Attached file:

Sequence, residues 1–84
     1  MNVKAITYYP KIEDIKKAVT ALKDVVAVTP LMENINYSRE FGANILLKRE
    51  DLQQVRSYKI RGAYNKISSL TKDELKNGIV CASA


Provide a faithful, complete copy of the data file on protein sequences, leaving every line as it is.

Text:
Sequence, residues 1–84
     1  MNVKAITYYP KIEDIKKAVT ALKDVVAVTP LMENINYSRE FGANILLKRE
    51  DLQQVRSYKI RGAYNKISSL TKDELKNGIV CASA